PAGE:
• Slip the straps over your shoulders so the D-ring is in the middle of your back.
  • Connect the chest and/or waist straps. These straps should fit snugly.
  • Reach between your legs and connect one long strap to the buckle or closure on your thigh. Repeat with the second strap.
  • After you connect both straps, pull them tight. The harness should be snug but let you move freely.
  • Connect the harness to the right fall-protection system.
  • Make sure your anchor point is approved for the way you will use it. If you are not sure, check with the competent person for the job.
  • Never use gear that has already been in a fall, unless it has been recertified by the manufacturer.


Workers who fall in a harness may not be able to rescue themselves. So set up a rescue plan for each possible fall situation. Make sure ladder trucks will be able to reach hanging workers. Or plan ahead for other ways to rescue them. Be sure medical and rescue teams will get there fast, if needed. This is because hanging in a harness for more than a half-hour can be fatal. And a worker who falls may have other injuries.


  • Inspect your equipment before each use. A competent person should inspect it at least once each year.
  • Follow all manufacturer instructions about inspecting, caring for, and storing the equipment.
  • After inspecting your equipment as the manufacturer says, inspect it for:
    • Missing or unreadable markings or warnings
    • Missing parts
    • Damage to metal parts – any changes, cracks, sharp edges, distortion, corrosion, chemical damage, too much heating, or too much wear
    • Defects in or damage to any straps and ropes – any changes, fraying, unsplicing, unlaying, kinking, knotting, roping, broken or pulled stitches, abrasion, excessive oiling, or sections that are too old, too worn, or too dirty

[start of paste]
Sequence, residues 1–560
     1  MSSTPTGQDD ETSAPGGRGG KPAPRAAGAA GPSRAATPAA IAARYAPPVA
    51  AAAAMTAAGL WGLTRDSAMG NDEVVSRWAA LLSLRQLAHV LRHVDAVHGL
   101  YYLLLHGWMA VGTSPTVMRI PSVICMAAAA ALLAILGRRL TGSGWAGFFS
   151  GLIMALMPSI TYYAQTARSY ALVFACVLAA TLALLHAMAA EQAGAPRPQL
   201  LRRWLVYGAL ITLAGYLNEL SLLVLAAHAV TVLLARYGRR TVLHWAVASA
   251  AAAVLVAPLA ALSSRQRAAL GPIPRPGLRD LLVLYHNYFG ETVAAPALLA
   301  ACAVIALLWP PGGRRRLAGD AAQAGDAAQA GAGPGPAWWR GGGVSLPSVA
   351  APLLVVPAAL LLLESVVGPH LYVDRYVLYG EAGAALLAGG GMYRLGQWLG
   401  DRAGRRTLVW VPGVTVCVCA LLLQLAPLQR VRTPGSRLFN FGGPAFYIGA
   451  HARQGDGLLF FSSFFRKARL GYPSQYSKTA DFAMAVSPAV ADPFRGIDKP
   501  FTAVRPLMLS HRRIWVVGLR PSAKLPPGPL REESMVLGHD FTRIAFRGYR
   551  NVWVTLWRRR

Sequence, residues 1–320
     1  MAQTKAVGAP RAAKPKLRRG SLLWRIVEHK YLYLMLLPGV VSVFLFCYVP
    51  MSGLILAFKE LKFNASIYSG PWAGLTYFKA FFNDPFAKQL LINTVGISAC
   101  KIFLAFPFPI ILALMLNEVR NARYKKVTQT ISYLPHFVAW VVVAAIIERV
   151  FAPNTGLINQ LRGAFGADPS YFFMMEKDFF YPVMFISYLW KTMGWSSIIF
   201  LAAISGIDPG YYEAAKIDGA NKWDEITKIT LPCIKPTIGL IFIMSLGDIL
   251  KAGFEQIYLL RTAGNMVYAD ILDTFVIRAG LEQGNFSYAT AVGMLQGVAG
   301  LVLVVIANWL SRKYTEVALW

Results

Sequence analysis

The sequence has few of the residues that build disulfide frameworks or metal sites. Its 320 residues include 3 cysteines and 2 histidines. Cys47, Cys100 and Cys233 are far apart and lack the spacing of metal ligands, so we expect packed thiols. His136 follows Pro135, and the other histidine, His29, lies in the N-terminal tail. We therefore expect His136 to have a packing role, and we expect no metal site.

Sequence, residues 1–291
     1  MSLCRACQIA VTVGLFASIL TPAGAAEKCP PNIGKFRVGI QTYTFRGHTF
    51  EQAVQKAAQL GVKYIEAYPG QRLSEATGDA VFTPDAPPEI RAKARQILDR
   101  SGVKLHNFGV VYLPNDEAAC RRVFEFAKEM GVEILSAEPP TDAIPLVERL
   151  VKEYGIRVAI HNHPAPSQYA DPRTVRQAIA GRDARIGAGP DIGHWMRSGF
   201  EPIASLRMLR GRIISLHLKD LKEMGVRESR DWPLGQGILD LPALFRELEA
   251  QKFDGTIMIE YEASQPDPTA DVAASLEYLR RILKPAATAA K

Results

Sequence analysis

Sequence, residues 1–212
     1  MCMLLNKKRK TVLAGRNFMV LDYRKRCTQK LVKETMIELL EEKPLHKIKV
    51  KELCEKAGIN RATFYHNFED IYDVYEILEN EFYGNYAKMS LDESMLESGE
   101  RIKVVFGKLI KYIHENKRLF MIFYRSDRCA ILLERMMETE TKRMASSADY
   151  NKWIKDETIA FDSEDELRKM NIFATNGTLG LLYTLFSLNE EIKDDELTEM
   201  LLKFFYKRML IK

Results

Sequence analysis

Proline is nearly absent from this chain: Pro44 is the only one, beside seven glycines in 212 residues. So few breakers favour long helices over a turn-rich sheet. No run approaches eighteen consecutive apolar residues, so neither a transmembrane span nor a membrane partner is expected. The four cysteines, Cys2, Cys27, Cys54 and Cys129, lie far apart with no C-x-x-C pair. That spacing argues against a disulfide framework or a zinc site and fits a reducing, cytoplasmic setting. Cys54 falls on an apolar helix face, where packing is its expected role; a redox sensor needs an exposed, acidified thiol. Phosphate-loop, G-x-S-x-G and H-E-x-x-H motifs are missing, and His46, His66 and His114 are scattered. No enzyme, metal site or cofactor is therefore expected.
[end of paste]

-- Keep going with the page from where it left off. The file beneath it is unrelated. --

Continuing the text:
• Missing parts or signs of defects in or damage to – or improper working of – mechanical parts and connectors.
  • If equipment looks as if it needs repair - or it is time for maintenance - tag it, "Do not use," and remove it from service.

Maintenance and Storage

To help keep you safe, fall-protection equipment must be stored the right way.

  • The employer should maintain and store the equipment, according to the manufacturer’s instructions.
  • Store equipment away from heat, light, dampness, oil, chemicals, or other damaging conditions.
  • Hang each harness by the back D-ring to help keep the shape when not in use.
  • Take special questions, which may arise because of job conditions, to the employer.

For more information, call your local union, CPWR – Center for Construction Research and Training (CPWR) (301-578-8500 or www.cpwr.com ), the National Institute for Occupational Safety and Health (1-800-35-NIOSH or www.cdc.gov/niosh), or OSHA (1-800-321-OSHA or www.osha.gov). Or check the website www.elcosh.org

**OSHA says a qualified person...by extensive knowledge, training, and experience can...solve...problems related to the subject matter.... A competent person is...capable of identifying existing and predictable hazards...and has authorization to take prompt measures to eliminate them.